Monday, 9 December 2013

The second time around: looking for our dreamboat

We’ve had our first visit by a perspective buyer this week, which makes me realize that it’s time to start thinking seriously about our next boat.  Having been through this before not so long ago, I know that this task is a labyrinth riddled with false starts and wrong turns.  It reminds me of Somerset Maugham’s famous quip about writing:  “There are three rules to good writing.  Unfortunately, no one knows what they are.”

But one must be brave and start somewhere and the conventional wisdom says one must start by defining the navigational program, which should help narrow down the boat choices.  Or not. 

The first problem is that our sailing dreams are of the “leasing with an option to buy” sort.  We’d like to sail around the world (trade winds route is good enough for me) but we’re just not courageous enough for that yet.  So the idea is to head down into the Med, gain some experience and confidence with multi-day passages and foreign waters, and if all goes well, buy the dream and head off over the horizon. 

This complicates boat choices, though.  A full-time live-aboard world cruiser is not the same as a fair-weather Mediterranean cruiser.  Should we aim for the low end of the spectrum and work our way up, or go straight for a world cruiser as the better long-term investment?  There are knowledgeable people out there who say that almost any boat rated for offshore cruising is capable of crossing oceans these days, and it is often said (because it’s true) that navigational programs are more limited by the crew than by the boat. 

I’m a firm believer that one shouldn’t make things harder than they have to be, no matter how fun it is, so let me be honest about my dilemma.  I WANT a new 40-foot Hallberg-Rassy or Najad but can’t afford them without selling the house (which I haven’t entirely ruled out.)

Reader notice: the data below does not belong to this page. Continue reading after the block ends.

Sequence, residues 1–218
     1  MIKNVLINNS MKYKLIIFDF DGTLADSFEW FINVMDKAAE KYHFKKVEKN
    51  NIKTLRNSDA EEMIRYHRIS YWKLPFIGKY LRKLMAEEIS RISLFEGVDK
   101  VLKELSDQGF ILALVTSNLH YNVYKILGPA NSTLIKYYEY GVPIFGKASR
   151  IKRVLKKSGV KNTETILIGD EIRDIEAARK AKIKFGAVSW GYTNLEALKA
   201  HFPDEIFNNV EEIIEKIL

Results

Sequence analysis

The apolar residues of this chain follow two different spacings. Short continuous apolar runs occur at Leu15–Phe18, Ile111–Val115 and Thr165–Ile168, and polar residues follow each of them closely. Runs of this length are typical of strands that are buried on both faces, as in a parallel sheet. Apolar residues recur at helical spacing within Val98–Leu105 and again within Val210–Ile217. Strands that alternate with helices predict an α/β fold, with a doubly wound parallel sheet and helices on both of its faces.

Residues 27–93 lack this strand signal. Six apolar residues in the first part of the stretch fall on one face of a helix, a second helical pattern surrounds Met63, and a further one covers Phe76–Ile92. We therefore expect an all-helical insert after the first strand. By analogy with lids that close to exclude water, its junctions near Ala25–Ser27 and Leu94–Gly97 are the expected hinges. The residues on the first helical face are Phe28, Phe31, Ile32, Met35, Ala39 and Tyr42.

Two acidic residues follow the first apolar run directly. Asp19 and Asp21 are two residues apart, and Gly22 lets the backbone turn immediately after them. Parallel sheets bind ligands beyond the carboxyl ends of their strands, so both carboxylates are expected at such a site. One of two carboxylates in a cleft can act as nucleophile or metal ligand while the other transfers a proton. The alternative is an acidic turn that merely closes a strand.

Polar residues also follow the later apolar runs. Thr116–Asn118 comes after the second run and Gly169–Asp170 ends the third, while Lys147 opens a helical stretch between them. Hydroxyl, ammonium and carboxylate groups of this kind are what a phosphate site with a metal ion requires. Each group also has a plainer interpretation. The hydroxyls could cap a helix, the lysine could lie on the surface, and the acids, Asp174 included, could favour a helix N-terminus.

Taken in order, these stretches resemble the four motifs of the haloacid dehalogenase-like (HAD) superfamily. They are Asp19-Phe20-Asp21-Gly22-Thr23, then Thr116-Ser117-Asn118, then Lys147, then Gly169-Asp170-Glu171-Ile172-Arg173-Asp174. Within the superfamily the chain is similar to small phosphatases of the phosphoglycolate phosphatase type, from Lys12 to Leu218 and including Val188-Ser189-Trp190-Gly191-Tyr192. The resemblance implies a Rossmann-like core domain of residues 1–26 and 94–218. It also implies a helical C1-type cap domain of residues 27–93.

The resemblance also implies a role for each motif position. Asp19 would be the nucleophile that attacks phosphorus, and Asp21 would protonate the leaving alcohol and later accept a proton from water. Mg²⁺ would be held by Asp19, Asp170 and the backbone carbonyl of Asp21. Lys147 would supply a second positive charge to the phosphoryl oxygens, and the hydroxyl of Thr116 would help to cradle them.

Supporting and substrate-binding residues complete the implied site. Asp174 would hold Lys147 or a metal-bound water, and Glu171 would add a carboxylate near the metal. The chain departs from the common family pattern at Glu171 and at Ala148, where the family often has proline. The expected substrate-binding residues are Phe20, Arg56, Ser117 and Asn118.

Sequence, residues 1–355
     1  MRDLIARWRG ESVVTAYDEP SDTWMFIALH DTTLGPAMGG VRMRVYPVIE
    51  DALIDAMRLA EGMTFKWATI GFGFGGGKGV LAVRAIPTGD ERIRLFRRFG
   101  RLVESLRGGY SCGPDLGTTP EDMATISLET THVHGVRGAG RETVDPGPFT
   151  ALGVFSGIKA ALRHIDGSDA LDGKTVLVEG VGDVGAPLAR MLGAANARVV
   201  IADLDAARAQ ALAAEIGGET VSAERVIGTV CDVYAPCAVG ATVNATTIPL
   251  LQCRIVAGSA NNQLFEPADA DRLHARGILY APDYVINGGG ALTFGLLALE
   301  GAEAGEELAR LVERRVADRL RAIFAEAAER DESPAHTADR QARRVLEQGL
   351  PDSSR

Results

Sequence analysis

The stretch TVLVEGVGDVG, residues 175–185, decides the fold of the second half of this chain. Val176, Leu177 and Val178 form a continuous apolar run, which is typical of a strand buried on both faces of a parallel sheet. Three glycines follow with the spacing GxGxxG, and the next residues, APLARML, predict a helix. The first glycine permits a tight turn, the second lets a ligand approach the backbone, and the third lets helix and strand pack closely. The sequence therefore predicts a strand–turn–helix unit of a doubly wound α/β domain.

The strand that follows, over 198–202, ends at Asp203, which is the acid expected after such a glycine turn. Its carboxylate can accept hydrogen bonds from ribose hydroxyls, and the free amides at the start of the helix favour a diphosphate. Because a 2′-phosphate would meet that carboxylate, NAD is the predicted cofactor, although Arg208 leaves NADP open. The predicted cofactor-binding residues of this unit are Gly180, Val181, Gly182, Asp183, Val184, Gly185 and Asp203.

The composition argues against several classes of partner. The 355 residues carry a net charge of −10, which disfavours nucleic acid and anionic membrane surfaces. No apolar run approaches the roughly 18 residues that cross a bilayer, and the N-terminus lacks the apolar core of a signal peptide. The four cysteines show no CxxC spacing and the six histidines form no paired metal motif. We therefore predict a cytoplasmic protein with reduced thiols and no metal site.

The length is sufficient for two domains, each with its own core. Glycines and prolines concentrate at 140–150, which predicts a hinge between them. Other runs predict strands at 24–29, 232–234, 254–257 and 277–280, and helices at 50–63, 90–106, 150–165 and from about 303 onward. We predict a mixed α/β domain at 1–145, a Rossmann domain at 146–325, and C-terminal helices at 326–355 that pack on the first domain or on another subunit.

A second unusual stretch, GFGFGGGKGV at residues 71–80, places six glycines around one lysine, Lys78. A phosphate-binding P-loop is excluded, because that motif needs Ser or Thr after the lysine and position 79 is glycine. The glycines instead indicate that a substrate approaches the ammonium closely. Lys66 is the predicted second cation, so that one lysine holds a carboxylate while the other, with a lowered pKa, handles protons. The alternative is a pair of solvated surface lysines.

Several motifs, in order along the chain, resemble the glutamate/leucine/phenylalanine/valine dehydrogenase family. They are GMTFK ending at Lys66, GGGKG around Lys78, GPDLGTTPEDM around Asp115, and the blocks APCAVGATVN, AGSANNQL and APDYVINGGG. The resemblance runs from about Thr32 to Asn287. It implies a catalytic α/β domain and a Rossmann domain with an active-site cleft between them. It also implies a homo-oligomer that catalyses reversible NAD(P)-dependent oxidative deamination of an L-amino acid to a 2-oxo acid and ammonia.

Hallberg Rassy 40
See how clear things can be when you address the root cause?  Now the problem has been reduced to figuring out how to fall in love with a lesser boat. 

If you read our post about boat shopping the first time around, you will no doubt appreciate the maturing process that has taken place since that time.  Earlier, we decided that boat choices should be driven primarily by lust.  Now we know better.  Sort of.   

Because safety is a major concern of ours, I’ve spent the last week calculating capsize ratios for a handful of different boats and reading the available naval architecture blogs, which have now convinced me that the capsize ratios thus calculated are a lot of bunk.  Next, I started going blind staring at the stability index numbers (STIX, SSSN, and AVS) produced by the British Royal Yachting Association for hundreds of boats, and in the end, realized that any boat that meets the Category A criteria is, by definition, safe for offshore sailing.  In saying this, it’s important to know what Category A means:  Unlimited Ocean Cruising, adequate to withstand up to force 10 gale (55 knots, 102 km/hr, 63 MPH) with average waves of 7 meters height and eventual wave heights up to 14 meters.  After having pounded through a long afternoon of 4 meter seas with a force 8 gale last summer, I don’t want to get anywhere close to the maximum for the rating.  This is certainly not to say that all Category A boats are created equal but they all should be safe enough for what we intend to do.